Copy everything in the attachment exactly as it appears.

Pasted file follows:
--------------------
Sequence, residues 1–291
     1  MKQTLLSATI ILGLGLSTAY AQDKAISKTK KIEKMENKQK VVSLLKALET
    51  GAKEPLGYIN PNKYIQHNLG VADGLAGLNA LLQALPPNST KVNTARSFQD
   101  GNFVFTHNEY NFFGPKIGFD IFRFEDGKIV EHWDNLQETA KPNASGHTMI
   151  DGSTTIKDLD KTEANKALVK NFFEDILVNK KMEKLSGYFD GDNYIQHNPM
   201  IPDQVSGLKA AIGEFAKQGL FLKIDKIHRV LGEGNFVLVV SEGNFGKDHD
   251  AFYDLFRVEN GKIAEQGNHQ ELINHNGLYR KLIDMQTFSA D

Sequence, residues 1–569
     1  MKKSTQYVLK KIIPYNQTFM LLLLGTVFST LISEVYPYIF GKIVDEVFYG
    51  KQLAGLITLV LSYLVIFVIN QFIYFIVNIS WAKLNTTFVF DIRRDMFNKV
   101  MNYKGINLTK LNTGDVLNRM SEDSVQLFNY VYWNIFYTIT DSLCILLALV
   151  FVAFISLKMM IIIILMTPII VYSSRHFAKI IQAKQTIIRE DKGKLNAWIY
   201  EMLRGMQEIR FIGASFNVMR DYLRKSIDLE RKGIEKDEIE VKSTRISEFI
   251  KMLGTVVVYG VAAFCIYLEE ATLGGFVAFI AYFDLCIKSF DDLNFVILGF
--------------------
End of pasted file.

Sequence, residues 1–291
     1  MKQTLLSATI ILGLGLSTAY AQDKAISKTK KIEKMENKQK VVSLLKALET
    51  GAKEPLGYIN PNKYIQHNLG VADGLAGLNA LLQALPPNST KVNTARSFQD
   101  GNFVFTHNEY NFFGPKIGFD IFRFEDGKIV EHWDNLQETA KPNASGHTMI
   151  DGSTTIKDLD KTEANKALVK NFFEDILVNK KMEKLSGYFD GDNYIQHNPM
   201  IPDQVSGLKA AIGEFAKQGL FLKIDKIHRV LGEGNFVLVV SEGNFGKDHD
   251  AFYDLFRVEN GKIAEQGNHQ ELINHNGLYR KLIDMQTFSA D

Sequence, residues 1–569
     1  MKKSTQYVLK KIIPYNQTFM LLLLGTVFST LISEVYPYIF GKIVDEVFYG
    51  KQLAGLITLV LSYLVIFVIN QFIYFIVNIS WAKLNTTFVF DIRRDMFNKV
   101  MNYKGINLTK LNTGDVLNRM SEDSVQLFNY VYWNIFYTIT DSLCILLALV
   151  FVAFISLKMM IIIILMTPII VYSSRHFAKI IQAKQTIIRE DKGKLNAWIY
   201  EMLRGMQEIR FIGASFNVMR DYLRKSIDLE RKGIEKDEIE VKSTRISEFI
   251  KMLGTVVVYG VAAFCIYLEE ATLGGFVAFI AYFDLCIKSF DDLNFVILGF